Using a Timer Interrupt to stop an action after a certain amount of time

Hello!

I currently have written some code that generates a square wave of a given frequency after a button is pushed. When the button is pushed a second time the square wave output stops, but a third press will turn it back on, etc.

Instead of needing a second button press to turn the output off, I would like to have a timer interrupt that turns it off after 300 ms, so that the second button press simply turns it back on again.

Could anyone point me in the direction of some resources to figure out how to do this? I have also included my current working code below.

 /*square wave when button pushed w/ debounce */

// pin setup
const int squarePin = 10;
const int buttonPin = 2;

// other variables
boolean squareOn = false;
boolean stillPushed = false;
long lastUpdateTime = 0;
const long debounce = 200;
int timeCount = 0;
int squareState = 0;

void setup() {
  pinMode(buttonPin, INPUT_PULLUP);
  pinMode(squarePin, OUTPUT);
}

void loop() {
  // check for button pushed (on/off control).
  boolean buttonPushed = (digitalRead(buttonPin) == LOW);  
 
  // debounce button
  if (buttonPushed && millis() - lastUpdateTime > debounce) {  
    squareOn = !squareOn;
    lastUpdateTime = millis();
  }
  
  if (squareOn) {
     while(timeCount < 200){                   
        if(squareState == 0){   
           digitalWrite(squarePin, LOW);
           squareState = 1;
           timeCount ++;
        }
        else{
           digitalWrite(squarePin, HIGH);
           squareState = 0;
        }
        delay(200); //this makes freq = ~2.5 Hz
        }
  }else{
    digitalWrite(squarePin, 0);  // output GND when button hasnt been pushed
  }
 
}

For long time periods such as 300 millisecs there is no need to use an interrupt. Just use millis() or micros().

The demo Several Things at a Time illustrates the use of millis() to manage timing. It may help with understanding the technique.

Have a look at Using millis() for timing. A beginners guide if you need more explanation.

For more precise timing micros() can be used in the same way as millis()

...R

sciencechick123:
I currently have written some code that generates a square wave of a given frequency after a button is pushed. When the button is pushed a second time the square wave output stops, but a third press will turn it back on, etc.

Instead of needing a second button press to turn the output off, I would like to have a timer interrupt that turns it off after 300 ms, so that the second button press simply turns it back on again.

Robin mentioned the usage of millis() etc. That's when you purposely get the software to mark (remember) down the arduino's internal 'time' at the moment it starts generating the square wave. Eg. start_time ..... it is just some value that the arduino will dish out when you use a variable called 'start_time' .... eg. start_time = millis();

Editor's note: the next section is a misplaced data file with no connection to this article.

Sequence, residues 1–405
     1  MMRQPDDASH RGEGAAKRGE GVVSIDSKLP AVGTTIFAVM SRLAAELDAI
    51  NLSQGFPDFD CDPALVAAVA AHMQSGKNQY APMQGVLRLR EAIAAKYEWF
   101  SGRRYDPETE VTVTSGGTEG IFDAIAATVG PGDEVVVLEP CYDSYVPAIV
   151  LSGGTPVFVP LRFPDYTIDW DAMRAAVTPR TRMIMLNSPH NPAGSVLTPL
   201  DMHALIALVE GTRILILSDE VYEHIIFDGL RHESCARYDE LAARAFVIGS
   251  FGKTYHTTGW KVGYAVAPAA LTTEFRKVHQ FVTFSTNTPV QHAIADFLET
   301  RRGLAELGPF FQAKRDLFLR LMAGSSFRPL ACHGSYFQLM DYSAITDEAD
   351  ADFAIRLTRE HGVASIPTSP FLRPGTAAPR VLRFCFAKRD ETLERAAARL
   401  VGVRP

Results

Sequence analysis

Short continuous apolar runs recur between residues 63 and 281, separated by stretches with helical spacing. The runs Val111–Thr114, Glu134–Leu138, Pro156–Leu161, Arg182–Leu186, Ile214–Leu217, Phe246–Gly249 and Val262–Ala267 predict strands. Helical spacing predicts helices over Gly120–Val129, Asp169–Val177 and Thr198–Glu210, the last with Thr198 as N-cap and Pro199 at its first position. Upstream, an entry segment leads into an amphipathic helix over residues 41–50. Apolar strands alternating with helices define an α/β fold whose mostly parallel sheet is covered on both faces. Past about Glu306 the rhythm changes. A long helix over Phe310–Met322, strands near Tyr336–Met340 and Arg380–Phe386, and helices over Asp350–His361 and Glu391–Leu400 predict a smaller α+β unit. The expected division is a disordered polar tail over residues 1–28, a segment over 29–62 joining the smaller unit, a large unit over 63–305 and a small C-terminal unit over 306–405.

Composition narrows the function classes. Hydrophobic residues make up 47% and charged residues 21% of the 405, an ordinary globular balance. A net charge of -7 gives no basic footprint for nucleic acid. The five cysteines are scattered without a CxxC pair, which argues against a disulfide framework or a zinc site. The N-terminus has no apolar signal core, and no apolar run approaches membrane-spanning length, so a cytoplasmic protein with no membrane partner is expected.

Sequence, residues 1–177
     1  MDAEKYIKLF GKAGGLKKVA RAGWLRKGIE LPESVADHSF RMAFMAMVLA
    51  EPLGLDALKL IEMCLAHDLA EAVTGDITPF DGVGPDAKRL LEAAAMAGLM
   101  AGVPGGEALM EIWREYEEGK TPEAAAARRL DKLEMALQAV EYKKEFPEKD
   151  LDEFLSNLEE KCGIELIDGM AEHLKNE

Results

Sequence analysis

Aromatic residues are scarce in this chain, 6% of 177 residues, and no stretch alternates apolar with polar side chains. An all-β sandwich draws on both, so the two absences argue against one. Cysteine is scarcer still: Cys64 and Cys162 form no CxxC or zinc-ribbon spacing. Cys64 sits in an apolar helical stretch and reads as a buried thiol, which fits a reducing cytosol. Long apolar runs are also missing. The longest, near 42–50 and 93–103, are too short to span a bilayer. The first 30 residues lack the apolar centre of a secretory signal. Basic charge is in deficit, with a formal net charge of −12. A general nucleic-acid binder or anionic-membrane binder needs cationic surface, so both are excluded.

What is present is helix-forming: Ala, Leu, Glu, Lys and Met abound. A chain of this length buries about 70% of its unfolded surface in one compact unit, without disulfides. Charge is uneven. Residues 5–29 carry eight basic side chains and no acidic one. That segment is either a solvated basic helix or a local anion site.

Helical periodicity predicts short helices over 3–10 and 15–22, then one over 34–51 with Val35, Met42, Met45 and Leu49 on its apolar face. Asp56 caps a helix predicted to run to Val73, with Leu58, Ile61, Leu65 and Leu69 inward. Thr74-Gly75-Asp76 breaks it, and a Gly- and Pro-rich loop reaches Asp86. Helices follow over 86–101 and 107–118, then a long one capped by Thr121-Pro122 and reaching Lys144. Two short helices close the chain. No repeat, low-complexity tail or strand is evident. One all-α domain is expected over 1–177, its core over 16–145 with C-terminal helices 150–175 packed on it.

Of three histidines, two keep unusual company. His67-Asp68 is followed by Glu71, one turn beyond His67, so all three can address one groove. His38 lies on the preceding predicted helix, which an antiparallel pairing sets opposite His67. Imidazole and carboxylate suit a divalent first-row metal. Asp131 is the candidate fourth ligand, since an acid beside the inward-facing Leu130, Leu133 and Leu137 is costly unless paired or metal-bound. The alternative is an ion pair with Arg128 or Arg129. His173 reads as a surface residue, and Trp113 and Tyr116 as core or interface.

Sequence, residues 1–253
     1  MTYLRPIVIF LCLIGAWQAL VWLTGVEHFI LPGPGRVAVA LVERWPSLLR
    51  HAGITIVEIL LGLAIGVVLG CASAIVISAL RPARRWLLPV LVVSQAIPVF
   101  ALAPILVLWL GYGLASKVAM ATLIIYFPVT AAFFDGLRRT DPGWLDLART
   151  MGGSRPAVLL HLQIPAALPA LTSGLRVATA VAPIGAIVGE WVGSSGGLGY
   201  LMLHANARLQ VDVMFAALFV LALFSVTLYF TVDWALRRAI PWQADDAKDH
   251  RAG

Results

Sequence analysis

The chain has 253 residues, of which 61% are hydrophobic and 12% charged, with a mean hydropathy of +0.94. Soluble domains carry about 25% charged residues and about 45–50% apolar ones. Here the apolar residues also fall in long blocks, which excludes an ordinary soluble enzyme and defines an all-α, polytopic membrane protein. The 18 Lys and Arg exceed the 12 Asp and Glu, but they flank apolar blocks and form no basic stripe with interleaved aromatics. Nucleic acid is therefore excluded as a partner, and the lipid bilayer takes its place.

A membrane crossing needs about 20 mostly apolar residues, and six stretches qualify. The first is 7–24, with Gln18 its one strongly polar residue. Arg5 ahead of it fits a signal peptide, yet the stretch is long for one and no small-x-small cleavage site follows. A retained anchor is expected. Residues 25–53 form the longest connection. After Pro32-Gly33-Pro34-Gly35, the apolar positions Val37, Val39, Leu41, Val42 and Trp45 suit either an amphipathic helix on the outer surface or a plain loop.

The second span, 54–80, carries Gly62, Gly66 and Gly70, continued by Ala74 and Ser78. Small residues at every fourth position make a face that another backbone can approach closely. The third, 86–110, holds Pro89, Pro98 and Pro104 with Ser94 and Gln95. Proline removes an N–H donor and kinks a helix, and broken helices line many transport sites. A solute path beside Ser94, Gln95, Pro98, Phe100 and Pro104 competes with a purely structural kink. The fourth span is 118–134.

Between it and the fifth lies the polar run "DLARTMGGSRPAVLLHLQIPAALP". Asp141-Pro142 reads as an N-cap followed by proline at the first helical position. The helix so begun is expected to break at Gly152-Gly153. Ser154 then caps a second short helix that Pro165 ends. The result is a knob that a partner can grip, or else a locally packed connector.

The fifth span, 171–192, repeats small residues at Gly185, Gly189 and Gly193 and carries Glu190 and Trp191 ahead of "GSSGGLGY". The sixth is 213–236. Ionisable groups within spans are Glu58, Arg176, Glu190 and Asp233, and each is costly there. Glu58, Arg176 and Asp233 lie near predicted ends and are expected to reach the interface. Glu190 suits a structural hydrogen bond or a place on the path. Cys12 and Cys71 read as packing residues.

Could also have another variable .... to be used as a 'flag' that allows you to quickly check on the status of the waveform .... ie. whether it is 'on' or 'off. The flag could be 'status_flag' ... initially, could be set to '0'.

And whenever you turn on the waveform, your code can then make that flag become '1' (instead of 0). So whenever you set the status_flag to '1' - which is simply for our own convenience - (which means waveform is being produced), then get the software to keep looking at the difference between the arduino time (which keeps running) and the reference time..... that is:

millis() - start_time.

If the above value (ie. a difference) becomes greater or equal to 300 millisec, then use a code to set status_flag back to '0', and also disable the waveform.

The other thing you need to think about is ....... if you press the button to start the waveform, and you then press the button again before the 300 millisec timer completes its time-out function. Or if you use 'lightning speed' to push the same button a few times before that 300 millisec duration runs out. So this just means...... make sure you have all bases (all cases) covered, in case it is important, which is also to avoid glitches or unexpected things - due to not having covered all cases.

Thank you very much for your help. I read over the resources that Robin suggested and I tried to implement Southpark's solution, however, my square wave still only turns off when I press the button a second time and I'm not entirely sure why. I suspect it has something to do with the way I'm checking the elapsed time, but everything that I try to change this fails to change the program's behavior.

/* square wave when button pushed w/ debounce */

// pin setup
const int squarePin = 10;
const int buttonPin = 2;

// other variables
boolean squareOn = false;
long lastUpdateTime = 0;
unsigned long startTime;
unsigned long currentTime;
const unsigned long period = 300;  //the value is a number of milliseconds
int statusFlag = 0;
const long debounce = 200;
int squareState = 0;

void setup() {
  pinMode(buttonPin, INPUT_PULLUP);
  pinMode(squarePin, OUTPUT);
}

void loop() {
  // check for button pushed (on/off control). 
  boolean buttonPushed = (digitalRead(buttonPin) == LOW);  
 
  // debounce button
  if (buttonPushed && millis() - lastUpdateTime > debounce) {  
    squareOn = !squareOn;
    lastUpdateTime = millis();
  }
  
  if (squareOn){
     startTime = millis();
     statusFlag = 1;
        if(squareState == 0){   
           digitalWrite(squarePin, LOW);
           squareState = 1;
        }
        else{